On April 25th we had 540 people trek through our garden as part of the 7th annual Bay Friendly Gardening Tour. We spent six straight hours answering questions about our chickens, rain barrels, bat house, beehives, and greywater system, probably in that order. After that came questions about many of the 33 fruit and vegetable crops that we've squeezed into our small back and front yards. 

We got many comments about the enormous size of the strawberries in our patch as well as the prolific raspberry and blueberry bushes, and lots of questions about our asparagus and fava beans ("What is that plant? And what is that one over there?").

Many of the people on the tour are novice gardeners, and it was wonderful to hear their excitement as they noted what can be done in just a small space. We were gratified to hear so many people tell us that they were going to go home to put up a bat house, set up rain barrels, convince a spouse to let them get chickens or bees, plant a fruit tree, or build a raised vegetable bed.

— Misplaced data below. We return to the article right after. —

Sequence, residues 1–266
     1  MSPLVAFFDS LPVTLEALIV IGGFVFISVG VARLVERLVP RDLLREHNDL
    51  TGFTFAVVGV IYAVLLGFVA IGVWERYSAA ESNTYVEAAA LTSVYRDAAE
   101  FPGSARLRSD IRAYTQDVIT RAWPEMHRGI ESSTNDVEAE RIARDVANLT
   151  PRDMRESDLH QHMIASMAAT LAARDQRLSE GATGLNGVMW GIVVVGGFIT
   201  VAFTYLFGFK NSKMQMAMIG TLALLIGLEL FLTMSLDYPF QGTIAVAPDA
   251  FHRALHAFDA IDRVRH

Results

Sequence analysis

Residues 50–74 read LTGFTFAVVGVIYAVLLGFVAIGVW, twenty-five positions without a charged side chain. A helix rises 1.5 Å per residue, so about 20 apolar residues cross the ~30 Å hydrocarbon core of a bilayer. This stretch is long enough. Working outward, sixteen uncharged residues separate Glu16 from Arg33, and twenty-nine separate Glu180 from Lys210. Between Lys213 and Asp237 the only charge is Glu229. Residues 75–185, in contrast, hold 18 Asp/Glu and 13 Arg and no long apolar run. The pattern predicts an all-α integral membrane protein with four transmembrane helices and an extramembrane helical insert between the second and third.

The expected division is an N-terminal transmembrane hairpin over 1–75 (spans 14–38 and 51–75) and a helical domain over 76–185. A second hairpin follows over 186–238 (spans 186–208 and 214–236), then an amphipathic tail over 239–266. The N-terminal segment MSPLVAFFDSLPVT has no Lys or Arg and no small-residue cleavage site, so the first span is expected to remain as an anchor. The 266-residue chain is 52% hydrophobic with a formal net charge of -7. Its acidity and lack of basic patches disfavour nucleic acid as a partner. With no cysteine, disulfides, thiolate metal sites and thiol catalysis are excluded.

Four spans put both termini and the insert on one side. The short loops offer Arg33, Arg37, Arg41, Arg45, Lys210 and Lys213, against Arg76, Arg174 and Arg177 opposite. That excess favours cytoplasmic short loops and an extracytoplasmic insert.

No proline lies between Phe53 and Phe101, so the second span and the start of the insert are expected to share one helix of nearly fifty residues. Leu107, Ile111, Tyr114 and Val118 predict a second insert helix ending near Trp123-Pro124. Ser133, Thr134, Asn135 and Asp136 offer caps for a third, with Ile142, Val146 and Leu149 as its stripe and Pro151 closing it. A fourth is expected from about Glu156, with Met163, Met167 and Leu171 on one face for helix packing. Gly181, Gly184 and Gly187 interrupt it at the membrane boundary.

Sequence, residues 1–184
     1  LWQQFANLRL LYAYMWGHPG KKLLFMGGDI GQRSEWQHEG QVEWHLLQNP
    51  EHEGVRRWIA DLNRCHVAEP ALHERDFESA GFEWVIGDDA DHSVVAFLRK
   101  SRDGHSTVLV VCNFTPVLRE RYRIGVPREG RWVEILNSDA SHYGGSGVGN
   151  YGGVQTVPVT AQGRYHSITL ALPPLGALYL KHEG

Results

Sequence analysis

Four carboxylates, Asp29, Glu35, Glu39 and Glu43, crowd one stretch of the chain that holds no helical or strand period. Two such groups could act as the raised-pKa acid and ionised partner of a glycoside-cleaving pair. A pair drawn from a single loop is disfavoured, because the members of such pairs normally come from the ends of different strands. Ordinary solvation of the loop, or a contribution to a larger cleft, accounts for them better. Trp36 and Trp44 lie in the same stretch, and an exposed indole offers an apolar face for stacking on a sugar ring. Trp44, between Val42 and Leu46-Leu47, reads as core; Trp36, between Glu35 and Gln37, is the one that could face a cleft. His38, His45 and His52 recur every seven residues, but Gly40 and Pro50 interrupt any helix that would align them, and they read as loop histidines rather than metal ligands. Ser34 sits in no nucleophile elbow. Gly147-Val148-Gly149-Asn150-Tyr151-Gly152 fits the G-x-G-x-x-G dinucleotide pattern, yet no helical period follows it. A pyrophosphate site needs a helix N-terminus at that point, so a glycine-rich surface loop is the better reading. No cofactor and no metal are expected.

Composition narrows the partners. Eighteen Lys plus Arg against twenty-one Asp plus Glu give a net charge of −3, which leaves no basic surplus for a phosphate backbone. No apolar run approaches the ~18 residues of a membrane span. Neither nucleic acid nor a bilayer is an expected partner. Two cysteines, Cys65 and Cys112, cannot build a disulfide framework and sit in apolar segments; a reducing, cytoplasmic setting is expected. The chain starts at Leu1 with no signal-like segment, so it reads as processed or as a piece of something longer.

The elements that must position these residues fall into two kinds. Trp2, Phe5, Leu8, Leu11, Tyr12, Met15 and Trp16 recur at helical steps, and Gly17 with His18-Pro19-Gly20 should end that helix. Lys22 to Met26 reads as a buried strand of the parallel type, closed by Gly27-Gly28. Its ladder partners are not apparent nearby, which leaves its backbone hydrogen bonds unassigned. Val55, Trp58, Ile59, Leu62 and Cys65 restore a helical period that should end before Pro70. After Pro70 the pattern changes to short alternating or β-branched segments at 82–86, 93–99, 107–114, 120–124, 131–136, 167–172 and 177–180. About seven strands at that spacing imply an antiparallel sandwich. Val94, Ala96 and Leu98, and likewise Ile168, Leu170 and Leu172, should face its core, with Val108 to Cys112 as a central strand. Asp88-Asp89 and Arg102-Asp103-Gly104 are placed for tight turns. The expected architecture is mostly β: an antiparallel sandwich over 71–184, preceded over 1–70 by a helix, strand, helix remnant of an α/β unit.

Overall, preparing for the Tour was a huge amount of work, but we are thrilled that the re-landscaping project we began a year and a half ago is finally finished (we think). Now that the weather is beautiful and we've begun to eat meals on our back deck, we can enjoy a yard and garden that is busy producing our summer crops without much effort on our parts.

(The top photo shows our Fuji apple tree in the foreground.  The photo below shows raspberries along the chicken fence, an apricot tree just in front and near the center, fava beans at the bottom and toward the center, and asparagus at the bottom and to the right.)